John Edwards Acts Presidential After Benazir Bhutto Assassinated

The fact is that events such as the assassination of Benazir Bhutto will have an impact on the Iowa caucus.  International events have a direct impact on the voters, and the death of Bhutto shows the folly to Bush’s foreign policy in Pakistan and the Middle East.  So it was important to watch the various presidential candidates as they talked on Thursday after the news of the assassination became known.

While Hillary Clinton and others talked John Edwards acted, as CNN reported.

“I actually spoke to President Musharraf just a few minutes ago as I was about to come in here,” Edwards told an audience at Luther College here. “And he was in Islamabad. And I urged him to continue this democratization process … I also urged him to allow international investigators into Pakistan to determine the facts.”

Edwards told reporters after the event that the investigators are needed “for transparency purposes and credibility purposes to determine what happened.”

The former senator said he had put in a request with Pakistan’s ambassador to the United States earlier this morning to speak with Musharraf, and that Musharraf called him back before the town hall meeting.

“He called me because I told the ambassador I would like to speak to him,” Edwards said. “I met him a few years ago, which I think I told you earlier.”

Edwards would not reveal whether Musharraf welcomed the idea of an independent investigation into the Bhutto attack.

“I’m going to let him speak for himself. I don’t think it would be responsible to make an announcement on that,” he said.

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Must Read Paragraphs In Newspaper Concerning Pakistan And President Bush

There is no doubt today that the idea of placing all our hopes with President Musharraf of Pakistan was a poor choice.  Had President Bush listened instead of swagger the world might be in a different spot today.  There was plenty of debate about the course American foreign policy should take in relation to Pakistan.  But Bush opted for a policy that was based on Musharraf, instead of a broad based Pakistan policy.  In the end, Bush’s hope to bring democracy to the Muslim world, and his desire to force out the Islamist militants who have hung on tenaciously in Pakistan have both failed.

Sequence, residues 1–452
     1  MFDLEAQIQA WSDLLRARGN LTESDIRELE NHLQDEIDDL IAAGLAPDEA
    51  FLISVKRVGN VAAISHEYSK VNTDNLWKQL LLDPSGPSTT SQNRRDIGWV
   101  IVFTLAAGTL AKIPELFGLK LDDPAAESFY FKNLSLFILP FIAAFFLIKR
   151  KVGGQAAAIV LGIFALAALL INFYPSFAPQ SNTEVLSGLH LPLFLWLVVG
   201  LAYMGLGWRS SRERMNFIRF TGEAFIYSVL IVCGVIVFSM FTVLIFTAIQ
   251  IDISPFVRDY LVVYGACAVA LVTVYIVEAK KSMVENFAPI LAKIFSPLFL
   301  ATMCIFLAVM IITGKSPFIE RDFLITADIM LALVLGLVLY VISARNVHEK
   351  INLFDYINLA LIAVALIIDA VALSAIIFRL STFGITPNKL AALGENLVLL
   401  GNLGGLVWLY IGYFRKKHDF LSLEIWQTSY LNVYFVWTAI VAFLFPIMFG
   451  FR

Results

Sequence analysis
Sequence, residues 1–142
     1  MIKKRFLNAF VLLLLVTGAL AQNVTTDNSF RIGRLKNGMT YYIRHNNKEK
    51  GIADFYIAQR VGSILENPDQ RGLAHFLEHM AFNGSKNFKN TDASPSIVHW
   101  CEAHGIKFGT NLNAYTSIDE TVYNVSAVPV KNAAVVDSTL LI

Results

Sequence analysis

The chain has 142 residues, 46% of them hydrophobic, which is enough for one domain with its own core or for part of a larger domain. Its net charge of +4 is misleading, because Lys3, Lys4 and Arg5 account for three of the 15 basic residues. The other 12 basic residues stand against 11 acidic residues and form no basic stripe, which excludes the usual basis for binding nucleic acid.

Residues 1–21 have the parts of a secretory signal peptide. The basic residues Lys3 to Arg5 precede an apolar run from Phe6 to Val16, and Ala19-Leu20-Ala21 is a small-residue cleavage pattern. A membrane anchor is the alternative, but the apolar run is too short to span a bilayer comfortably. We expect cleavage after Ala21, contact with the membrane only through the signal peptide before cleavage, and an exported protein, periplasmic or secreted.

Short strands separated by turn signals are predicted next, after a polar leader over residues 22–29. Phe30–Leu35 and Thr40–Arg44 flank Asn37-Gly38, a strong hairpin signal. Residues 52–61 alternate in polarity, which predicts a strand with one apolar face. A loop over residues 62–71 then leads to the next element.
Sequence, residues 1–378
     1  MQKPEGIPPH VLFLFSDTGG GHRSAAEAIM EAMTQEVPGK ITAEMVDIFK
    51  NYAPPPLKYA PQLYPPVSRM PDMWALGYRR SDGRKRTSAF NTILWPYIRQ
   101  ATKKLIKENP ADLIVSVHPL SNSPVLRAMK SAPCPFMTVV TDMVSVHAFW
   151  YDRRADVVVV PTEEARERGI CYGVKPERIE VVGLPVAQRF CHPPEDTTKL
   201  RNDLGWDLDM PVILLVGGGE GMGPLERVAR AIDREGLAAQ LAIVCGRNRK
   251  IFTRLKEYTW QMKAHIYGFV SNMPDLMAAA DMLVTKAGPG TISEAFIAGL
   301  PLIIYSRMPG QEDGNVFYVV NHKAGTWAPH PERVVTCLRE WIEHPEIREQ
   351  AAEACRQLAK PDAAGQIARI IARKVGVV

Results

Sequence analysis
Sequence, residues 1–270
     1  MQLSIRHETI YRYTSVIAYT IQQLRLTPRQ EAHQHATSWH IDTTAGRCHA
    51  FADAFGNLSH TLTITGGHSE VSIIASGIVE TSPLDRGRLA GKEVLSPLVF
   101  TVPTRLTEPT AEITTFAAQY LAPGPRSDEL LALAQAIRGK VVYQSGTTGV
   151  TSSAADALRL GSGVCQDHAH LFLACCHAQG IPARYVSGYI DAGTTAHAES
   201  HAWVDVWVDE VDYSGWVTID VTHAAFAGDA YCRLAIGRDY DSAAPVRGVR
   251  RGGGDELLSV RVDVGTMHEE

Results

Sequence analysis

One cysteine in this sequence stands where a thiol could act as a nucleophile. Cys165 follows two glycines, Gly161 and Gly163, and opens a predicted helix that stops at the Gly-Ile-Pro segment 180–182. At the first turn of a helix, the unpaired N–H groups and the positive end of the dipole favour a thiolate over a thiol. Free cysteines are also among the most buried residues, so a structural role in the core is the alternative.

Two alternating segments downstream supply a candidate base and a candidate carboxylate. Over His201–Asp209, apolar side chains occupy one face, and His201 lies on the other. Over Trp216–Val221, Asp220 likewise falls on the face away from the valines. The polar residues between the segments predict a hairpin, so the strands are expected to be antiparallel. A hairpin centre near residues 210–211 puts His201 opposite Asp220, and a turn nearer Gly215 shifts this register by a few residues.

Having said that there is a wonderful editorial in Friday’s New York Times that must be read. 

Betting America’s security (and Pakistan’s nuclear arsenal) on an unaccountable dictator, President Pervez Musharraf, did not work. Betting it on a back-room alliance between that dictator and Ms. Bhutto, who had hoped to win a third try as prime minister next month, is no longer possible.

That leaves Mr. Bush with the principled, if unfamiliar, option of using American prestige and resources to fortify Pakistan’s badly battered democratic institutions. There is no time to waste.

With next month’s parliamentary elections already scrambled, Washington must now call for new rules to assure a truly democratic vote.

That means a relatively brief delay to allow Ms. Bhutto’s party, probably the country’s largest, to choose a new candidate for prime minister and mount an abbreviated campaign. Washington must also demand that Pakistan’s other main opposition leader, Nawaz Sharif, be allowed to run. And it must insist that Mr. Musharraf reinstate the impartial Supreme Court judges he fired last month in order to block them from overturning his rigged election.

Mr. Musharraf is stubborn. Washington will need to send the same message to Pakistan’s military leaders, perhaps the ex-general’s only remaining backers.

The Bush administration has to rethink more than just its unhealthy and destructive enabling of Mr. Musharraf. It also must take a hard look at the billions it is funneling to Pakistan’s military. That money is supposed to finance the fight against Al Qaeda and the Taliban. As a report in The Times on Monday showed, Washington hasn’t kept a close watch, and much of it has gone to projects that interested Mr. Musharraf and the Pakistani Army more, like building weapons systems aimed at America’s ally, India. Meanwhile, Al Qaeda and the Taliban continued, and continue, to make alarming gains.